By Gerard R. Ward, Susan W. Serjeantson
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Extra resources for And Then the Engines Stopped: Flying in Papua New Guinea
Clearly this had happened before. Heavy gear was re-stacked forward, and Bob was persuaded to get in with me. The pilot wound the trim as far as it would go. The propellers were started up, so their pull would hold the tail up. The pole was removed, and the plane stayed horizontal. Right as rain. ’ So we lurched forward, raced out onto the tarmac, turned onto the runway, and roared along. Yes, we had lift-off, we climbed slowly into the sky and sailed over the Owen Stanleys on a mill-pond day, and all was well in the blue sky over this magnificent country.
In one of those ironic twists of colonial history, the mission, having cut down all the pines on Huli sacred sites in order to mill them and build the church, had planted the same trees around their own sacred site. ’ laughed Blue. I presumed he was speaking of the priest. He was coaxing every knot he could get out of the plane and at 100 knots it began to fly. Blue flipped the flaps lever up and eased back on the controls. We cleared the tops of the pines with feet to spare. I saw spiders running for cover along their dew-soaked webs, as we flashed by.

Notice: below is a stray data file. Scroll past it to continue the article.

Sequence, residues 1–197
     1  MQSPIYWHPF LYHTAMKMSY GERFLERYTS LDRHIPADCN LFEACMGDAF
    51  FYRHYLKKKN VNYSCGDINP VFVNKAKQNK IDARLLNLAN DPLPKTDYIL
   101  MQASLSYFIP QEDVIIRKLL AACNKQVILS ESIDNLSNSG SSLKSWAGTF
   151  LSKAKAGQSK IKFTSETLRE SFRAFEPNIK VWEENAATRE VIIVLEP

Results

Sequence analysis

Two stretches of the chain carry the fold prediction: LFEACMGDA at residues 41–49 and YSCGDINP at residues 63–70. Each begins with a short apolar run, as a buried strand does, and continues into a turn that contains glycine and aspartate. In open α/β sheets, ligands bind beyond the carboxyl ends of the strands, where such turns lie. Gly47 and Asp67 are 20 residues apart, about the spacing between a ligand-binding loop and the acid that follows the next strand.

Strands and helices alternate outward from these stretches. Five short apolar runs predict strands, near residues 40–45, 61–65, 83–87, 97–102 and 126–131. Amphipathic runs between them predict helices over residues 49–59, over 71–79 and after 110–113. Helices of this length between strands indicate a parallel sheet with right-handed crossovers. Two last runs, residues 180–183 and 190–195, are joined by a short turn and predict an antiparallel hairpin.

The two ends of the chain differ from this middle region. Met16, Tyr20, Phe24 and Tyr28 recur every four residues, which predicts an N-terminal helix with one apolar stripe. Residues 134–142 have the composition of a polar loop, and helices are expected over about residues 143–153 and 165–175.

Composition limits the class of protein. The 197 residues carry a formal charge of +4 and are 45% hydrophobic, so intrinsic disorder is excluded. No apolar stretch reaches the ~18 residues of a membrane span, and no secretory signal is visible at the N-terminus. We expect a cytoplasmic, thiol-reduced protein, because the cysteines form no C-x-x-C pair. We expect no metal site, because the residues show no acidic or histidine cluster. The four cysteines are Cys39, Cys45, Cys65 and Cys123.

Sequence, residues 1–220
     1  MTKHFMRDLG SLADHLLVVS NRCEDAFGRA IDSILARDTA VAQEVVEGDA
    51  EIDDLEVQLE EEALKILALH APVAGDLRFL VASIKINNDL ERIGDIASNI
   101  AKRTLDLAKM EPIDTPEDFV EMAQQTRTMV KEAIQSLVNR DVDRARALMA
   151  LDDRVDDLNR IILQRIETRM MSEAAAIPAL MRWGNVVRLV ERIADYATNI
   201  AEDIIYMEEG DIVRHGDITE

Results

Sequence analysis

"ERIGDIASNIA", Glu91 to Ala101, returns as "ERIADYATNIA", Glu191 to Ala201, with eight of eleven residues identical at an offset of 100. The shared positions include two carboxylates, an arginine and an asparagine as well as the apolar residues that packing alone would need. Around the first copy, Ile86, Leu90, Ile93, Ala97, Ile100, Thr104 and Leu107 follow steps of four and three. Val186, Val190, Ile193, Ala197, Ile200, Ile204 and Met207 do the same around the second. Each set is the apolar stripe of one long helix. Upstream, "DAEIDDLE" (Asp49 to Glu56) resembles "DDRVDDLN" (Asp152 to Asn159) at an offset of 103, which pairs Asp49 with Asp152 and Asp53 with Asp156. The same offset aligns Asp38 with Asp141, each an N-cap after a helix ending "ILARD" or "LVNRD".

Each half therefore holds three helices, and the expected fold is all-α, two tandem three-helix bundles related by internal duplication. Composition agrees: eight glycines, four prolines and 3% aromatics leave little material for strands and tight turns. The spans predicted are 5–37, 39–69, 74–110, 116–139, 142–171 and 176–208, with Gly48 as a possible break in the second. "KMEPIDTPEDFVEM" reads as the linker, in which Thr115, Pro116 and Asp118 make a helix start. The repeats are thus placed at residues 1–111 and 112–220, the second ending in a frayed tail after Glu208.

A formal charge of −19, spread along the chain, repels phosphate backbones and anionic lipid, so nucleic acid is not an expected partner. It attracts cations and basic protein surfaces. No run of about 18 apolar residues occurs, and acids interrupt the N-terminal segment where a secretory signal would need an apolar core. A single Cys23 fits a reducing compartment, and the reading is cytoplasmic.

We rocketed in to land, striking the ground, bouncing, coming to earth again, and rolling to a stop just at the top of the strip. The pilot clambered down, stumbled to the rear compartment and began dragging out the cargo. ‘Enjoy your climb,’ he said. ’ After we hired guides and began our ascent to the little grass resthouse whence we would climb to the summit of Mount Wilhelm the following morning, John said: ‘I hope I never again have the joy of being piloted by a drunk. He reeked of beer. I couldn’t help but smell it, sitting next to him.
And Then the Engines Stopped: Flying in Papua New Guinea by Gerard R. Ward, Susan W. Serjeantson